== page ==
Recording transactions related to shareholders

Amanda White

How to record transactions related to shareholders

Investors would not invest their money into businesses without some form of reward or return. That return could be in the form of capital growth – the underlying value of the company grows, and so the value of the shares the shareholder owns increases. They can unlock this value when they sell their shares and convert them to cash.

Another form of reward is the payment of dividends to shareholders. This can happen at any time, but is usually announced after a business releases its end of year financial statements. Dividends can paid with cash, or with more shares in the company.

In this section we will examine a number of different shareholder-related transaction flows including:

  1. Issuing shares (simplified)
  2. Paying dividends to shareholders using cash
  3. Paying dividends to shareholders using shares

1. Issuing shares (simplified)

Issuing shares is a way that a business can receive an influx of cash (the other method is a bank loan which we covered earlier). The benefit of issuing shares over a bank loan is that no repayments are necessary and interest is not charged. However, shareholders do expect that the business will increase in value and if profits are made, that they should be rewarded for their investment through dividends.

If a business issues 20,000 shares at $1 each, they should receive $20,000 from investors. The transaction would be recorded as follows:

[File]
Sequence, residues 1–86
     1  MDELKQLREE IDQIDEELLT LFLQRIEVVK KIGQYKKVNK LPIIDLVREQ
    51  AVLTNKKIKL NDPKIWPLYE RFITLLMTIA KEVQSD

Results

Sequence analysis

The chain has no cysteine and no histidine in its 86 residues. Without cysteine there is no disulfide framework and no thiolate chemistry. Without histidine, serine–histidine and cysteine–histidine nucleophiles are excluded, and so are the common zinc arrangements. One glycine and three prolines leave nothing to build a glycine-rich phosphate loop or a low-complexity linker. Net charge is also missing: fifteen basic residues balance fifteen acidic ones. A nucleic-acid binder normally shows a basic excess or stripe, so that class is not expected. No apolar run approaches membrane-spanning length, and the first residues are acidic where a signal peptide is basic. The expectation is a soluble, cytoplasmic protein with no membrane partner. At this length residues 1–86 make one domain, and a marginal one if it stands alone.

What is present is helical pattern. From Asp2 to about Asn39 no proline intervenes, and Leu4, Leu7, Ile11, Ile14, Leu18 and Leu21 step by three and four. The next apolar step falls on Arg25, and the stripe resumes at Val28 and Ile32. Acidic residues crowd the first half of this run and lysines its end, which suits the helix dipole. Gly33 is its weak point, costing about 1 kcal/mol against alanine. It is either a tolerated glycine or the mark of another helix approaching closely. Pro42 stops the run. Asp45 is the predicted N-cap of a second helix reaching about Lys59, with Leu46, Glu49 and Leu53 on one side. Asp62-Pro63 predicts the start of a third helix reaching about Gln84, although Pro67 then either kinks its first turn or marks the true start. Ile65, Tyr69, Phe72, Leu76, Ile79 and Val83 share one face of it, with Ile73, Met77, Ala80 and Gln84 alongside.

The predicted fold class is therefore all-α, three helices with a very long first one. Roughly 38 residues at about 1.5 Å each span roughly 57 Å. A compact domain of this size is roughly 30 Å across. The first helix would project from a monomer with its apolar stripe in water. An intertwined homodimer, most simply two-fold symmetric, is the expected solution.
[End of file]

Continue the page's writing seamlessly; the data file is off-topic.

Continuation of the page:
increase cash 20000, increase share capital 20000

2. Paying dividends using cash

There is a complex process where businesses “declare” a dividend (creating a payable / liability) and then a few weeks later, make a cash payment to shareholders. In this textbook, we will be using a simplified process where dividends are simply paid without the “declaration” component.

Dividends are paid per share, not per shareholders. Continuing our prior example, with 20,000 shares issued, if a business pays a dividend of $0.05 per share, the transaction to pay $1,000 in dividends would be recorded as follows:

decrease cash 1000, increase dividends expense 1000

There is a cash outflow of $1,000 and an increase in the dividend expense of $1,000. The equation balances because both sides are -$1,000.

3. Paying dividends using shares

If a company wishes to reward shareholders but not spend its cash, the other way to pay for a dividend is with more shares. Thinking back to our company with 20,000 shares and dividend of $0.05 per share, worth $1000 in cash. If we wish to pay using shares, the transaction would be recorded as follows:

increase share capital 1000, increase dividend expense 1000

Notice that there is no cash movement on the left hand side, however we are increasing our share capital and increasing our dividend expense. The equation balances because the equity transactions add up to $0, which matches the assets side which has had $0 movement.

What happens when a shareholder sells their shares?

Absolutely nothing is recorded in the accounting systems when a shareholder sells their shares to someone else. Yes, in the system that contains shareholder details (called a Share Registry), changes are made – but the shares are still recorded at the same $1 because of the historical cost principle, even if the person selling the shares sold them for $10 each! That $9 profit they made is owed to the individual and does not go to the business.


Share This Book